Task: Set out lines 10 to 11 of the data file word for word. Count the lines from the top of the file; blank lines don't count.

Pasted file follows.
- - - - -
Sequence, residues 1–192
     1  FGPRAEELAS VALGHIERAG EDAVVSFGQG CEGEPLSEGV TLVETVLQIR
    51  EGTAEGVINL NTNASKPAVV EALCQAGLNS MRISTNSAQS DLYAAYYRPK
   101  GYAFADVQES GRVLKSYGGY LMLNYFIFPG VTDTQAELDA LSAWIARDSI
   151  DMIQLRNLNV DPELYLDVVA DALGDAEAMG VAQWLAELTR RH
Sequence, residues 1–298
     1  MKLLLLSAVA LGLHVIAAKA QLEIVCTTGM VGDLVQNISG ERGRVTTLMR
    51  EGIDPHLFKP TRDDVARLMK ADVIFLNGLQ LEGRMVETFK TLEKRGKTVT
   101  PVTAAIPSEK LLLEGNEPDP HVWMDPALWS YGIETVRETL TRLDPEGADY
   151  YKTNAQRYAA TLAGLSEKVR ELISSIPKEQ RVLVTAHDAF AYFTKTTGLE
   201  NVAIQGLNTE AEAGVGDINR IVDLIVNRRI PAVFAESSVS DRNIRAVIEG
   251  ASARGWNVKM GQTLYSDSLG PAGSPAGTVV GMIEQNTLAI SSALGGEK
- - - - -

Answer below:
   151  YKTNAQRYAA TLAGLSEKVR ELISSIPKEQ RVLVTAHDAF AYFTKTTGLE
   201  NVAIQGLNTE AEAGVGDINR IVDLIVNRRI PAVFAESSVS DRNIRAVIEG